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Italy was one of the first European countries to adopt the regulatory framework to offer and promote online gambling, having established itself as one of the key markets for this type of activity in Europe. However, when  the current government came to power, this situation was turned on its head, particularly regarding advertising for gaming operators.

In July 2018, Decree Law 87/2018, known as the “Dignity Decree,” was approved. Based on the decree’s initial wording, the prohibition on gaming companies to sponsor clubs and sporting activities would come into force on January 1, 2019. This decree establishes an absolute prohibition of all forms of gambling advertising in Italy, directly or indirectly, and through any means or communication platform, including sporting, cultural and artistic events, TV and radio broadcasts, newspapers and periodicals, general publications, posters and the internet.

Although the decree will prohibit companies from sponsoring gambling from the start of the year, on January 14, the Italian government announced that first- division Italian football teams (A series) would be able to keep their sponsors until mid July 2019. From then on, there would be a blanket ban on gambling advertising in Italy, given that from July 14 onwards, advertising contracts signed before the decree’s publication will be considered automatically discharged.

Thus, the highest ranking Italian football teams would have an additional six months to plan for the lack of substantial inflows of cash that come from sponsoring by gaming companies. If there is breach of the prohibition, the Italian communications authority, responsible for imposing the corresponding sanctions, will be able to set fines of up to 5% of the sponsorship or advertising value and, under no circumstances, will impose a fine of less than €50,000 per breach.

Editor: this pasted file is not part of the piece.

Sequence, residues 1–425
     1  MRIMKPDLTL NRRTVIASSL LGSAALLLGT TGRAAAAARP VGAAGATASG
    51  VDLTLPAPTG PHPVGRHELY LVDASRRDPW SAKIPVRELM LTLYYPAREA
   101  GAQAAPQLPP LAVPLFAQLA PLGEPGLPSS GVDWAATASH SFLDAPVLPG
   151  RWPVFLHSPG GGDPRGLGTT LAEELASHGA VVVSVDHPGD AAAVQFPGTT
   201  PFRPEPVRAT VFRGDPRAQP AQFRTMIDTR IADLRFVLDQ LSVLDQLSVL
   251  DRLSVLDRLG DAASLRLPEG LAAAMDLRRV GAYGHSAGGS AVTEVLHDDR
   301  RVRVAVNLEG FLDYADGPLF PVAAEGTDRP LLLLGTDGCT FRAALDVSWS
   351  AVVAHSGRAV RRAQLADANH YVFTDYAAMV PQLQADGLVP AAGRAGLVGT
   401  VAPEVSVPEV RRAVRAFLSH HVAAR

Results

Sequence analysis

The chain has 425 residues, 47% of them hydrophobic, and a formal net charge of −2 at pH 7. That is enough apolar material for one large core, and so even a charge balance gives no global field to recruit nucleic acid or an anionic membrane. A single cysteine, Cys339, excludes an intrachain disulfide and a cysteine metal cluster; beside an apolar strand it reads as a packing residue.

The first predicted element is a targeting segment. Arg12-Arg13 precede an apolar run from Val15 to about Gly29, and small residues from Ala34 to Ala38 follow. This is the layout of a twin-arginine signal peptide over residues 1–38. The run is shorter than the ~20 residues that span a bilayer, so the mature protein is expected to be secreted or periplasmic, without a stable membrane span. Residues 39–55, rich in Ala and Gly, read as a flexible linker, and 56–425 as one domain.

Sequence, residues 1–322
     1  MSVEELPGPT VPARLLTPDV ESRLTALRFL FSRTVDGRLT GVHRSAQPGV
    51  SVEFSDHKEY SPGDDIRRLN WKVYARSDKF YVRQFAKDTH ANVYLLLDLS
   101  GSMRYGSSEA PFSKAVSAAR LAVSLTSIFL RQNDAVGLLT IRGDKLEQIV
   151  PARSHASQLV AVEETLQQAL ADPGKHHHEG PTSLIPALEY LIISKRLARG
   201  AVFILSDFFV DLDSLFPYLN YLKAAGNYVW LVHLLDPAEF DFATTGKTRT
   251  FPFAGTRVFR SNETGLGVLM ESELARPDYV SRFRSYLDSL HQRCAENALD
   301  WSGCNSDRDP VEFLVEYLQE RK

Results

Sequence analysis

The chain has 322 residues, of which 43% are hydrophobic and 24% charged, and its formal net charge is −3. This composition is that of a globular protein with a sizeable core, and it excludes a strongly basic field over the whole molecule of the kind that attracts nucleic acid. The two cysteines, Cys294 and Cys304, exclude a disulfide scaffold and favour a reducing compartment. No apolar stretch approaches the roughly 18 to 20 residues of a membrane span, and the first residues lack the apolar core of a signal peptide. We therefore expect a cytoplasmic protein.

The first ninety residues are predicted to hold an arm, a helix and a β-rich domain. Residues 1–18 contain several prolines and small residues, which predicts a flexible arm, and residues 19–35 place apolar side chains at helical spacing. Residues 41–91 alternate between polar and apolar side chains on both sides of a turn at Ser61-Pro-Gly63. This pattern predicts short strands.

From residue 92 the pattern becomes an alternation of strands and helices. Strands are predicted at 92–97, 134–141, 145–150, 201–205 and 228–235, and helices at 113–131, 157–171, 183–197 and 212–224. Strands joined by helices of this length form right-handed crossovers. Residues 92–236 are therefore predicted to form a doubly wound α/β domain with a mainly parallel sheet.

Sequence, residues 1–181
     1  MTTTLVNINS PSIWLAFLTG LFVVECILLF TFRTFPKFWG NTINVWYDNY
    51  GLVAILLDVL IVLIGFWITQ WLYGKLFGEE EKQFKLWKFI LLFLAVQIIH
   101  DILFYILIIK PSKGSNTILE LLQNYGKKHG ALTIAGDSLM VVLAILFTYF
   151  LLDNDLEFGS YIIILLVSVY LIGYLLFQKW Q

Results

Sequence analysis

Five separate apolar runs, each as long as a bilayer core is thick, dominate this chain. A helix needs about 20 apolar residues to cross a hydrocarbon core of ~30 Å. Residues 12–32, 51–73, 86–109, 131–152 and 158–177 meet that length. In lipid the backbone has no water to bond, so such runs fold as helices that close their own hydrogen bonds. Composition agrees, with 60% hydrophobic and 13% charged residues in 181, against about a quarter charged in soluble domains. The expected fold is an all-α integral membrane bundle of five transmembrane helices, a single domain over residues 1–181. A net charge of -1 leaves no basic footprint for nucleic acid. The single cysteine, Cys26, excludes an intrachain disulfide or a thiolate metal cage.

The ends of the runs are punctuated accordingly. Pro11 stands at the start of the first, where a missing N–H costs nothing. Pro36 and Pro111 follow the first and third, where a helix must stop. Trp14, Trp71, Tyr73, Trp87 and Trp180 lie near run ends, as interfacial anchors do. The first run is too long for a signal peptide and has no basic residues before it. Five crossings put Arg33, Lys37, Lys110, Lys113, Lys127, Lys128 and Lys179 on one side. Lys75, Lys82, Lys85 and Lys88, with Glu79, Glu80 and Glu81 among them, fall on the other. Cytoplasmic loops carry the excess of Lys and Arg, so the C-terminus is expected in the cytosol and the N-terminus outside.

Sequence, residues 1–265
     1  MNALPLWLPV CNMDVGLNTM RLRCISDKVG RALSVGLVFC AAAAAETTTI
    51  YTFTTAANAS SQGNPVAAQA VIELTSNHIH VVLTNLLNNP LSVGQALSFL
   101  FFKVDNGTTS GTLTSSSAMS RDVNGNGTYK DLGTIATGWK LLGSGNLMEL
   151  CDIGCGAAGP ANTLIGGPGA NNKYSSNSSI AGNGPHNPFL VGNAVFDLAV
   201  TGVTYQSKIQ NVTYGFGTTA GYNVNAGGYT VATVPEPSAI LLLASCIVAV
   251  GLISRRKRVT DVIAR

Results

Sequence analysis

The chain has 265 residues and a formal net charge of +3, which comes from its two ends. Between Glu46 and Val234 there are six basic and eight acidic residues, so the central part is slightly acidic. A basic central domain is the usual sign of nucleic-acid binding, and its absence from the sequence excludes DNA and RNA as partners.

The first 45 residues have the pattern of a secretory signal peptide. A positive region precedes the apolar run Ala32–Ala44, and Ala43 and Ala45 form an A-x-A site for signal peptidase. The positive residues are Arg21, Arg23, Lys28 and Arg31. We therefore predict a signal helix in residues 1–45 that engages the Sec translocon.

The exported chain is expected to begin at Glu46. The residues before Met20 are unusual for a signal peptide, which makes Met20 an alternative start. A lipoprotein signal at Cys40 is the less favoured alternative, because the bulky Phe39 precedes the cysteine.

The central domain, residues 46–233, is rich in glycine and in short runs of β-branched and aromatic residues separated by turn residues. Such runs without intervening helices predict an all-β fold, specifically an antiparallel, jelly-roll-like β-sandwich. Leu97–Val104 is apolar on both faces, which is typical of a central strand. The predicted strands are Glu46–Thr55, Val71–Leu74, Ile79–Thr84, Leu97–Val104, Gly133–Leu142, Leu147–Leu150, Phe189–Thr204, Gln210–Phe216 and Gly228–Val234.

It is still unknown what the consequences will be of prohibiting gaming operators from sponsoring Italian football. The Italian regulation regarding gambling advertising, which is undoubtedly the strictest in Europe, has set a precedent that the other EU States could follow, as Belgium has done by adopting a series of regulations that prohibit certain forms of gambling advertising, such as restricting times when it can be carried out or prohibiting advertisements from showing sport betting during live transmissions of sports.

We must remember that, in Spain, there is an ongoing debate as to whether to adopt specific (restrictive) regulation for gambling advertising. This is a topic that we will continue to provide information about and, as is clear, there is still a lot to to play for.

Authors: Alicia Costas and Albert Agustinoy

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